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2 | June 1-3, 2017

Central Michigan Life


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June 1-3, 2017 | 3

A Very Special Weekend F

or the 45th summer, Central Michigan University is host to more than 2,800 athletes and more than 3,000 coaches, chaperones and volunteers for the Special Olympics Michigan Summer Games. Through the decades, the Summer Games has given thousands of Michigan athletes with disabilities the chance to maintain active lifestyles, excel, compete and build friendships that will last a lifetime. This edition of Central Michigan Life highlights Special Olympics Michigan and the inspiring stories of its athletes and volunteer partners. Michigan was one of the organization’s founding delegations in the 1960’s. Originally hosted at Western Michigan

McKenzie Sanderson CM Life Editor in Chief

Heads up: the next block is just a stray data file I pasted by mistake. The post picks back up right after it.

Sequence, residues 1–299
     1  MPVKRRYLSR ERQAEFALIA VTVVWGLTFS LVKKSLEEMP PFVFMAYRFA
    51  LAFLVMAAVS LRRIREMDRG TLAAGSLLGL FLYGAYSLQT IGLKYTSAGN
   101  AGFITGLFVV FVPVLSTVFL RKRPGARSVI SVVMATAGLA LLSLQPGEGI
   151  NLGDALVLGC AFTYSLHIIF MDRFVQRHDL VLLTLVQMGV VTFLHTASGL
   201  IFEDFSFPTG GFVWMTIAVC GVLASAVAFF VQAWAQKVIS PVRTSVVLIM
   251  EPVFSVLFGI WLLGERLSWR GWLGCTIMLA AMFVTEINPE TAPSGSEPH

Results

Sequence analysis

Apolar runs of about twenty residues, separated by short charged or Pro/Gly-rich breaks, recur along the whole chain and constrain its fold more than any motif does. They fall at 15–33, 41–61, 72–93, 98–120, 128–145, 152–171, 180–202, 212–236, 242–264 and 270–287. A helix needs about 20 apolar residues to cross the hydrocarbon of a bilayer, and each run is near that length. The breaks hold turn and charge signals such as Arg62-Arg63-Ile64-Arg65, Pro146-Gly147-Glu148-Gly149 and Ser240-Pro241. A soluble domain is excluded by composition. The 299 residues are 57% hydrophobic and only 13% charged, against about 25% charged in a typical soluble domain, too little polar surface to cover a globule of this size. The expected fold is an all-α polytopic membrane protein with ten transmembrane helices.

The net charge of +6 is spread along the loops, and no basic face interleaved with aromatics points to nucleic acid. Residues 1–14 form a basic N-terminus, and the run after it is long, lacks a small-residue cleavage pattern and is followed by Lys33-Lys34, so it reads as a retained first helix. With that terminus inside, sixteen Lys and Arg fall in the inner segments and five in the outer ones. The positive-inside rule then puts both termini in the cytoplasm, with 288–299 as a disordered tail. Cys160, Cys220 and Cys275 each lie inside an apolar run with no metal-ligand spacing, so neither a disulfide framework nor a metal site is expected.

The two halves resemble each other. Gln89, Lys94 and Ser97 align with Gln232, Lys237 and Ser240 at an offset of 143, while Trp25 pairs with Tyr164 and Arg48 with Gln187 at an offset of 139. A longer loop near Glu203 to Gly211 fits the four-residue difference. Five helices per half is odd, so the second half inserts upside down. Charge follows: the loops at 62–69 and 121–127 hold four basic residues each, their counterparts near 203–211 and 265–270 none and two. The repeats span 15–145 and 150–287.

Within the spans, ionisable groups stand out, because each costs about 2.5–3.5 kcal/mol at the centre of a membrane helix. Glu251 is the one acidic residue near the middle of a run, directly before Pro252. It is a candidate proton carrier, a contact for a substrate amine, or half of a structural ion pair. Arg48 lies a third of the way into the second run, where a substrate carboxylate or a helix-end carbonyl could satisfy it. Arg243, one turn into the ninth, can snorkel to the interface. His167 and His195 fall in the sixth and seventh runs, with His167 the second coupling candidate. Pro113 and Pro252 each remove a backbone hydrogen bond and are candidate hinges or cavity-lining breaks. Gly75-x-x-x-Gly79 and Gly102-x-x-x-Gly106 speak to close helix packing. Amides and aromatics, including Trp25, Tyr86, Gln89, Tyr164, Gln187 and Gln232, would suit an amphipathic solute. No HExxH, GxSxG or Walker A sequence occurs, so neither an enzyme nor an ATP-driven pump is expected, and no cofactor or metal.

University, the Michigan Summer Games moved to CMU in 1973 and has called our campus home ever since. The Mount Pleasant community has welcomed and supported the summer games in growing numbers each year, building connections with athletes and their friends and families. In addition to its service to people with disabilities, the Michigan Summer Games is also recognized as one of the largest volunteer opportunties at the university. More than 2,000 volunteers will assist athletes during this year’s competition. On behalf of the CM Life staff, welcome to our campus. We hope competing athletes have success in their events and build life-long friendships during your time here. Thank you for always inspiring us and giving us the opportunity to tell your admirable stories. Make sure you take a moment to follow all our coverage at and on our Facebook and Twitter accounts.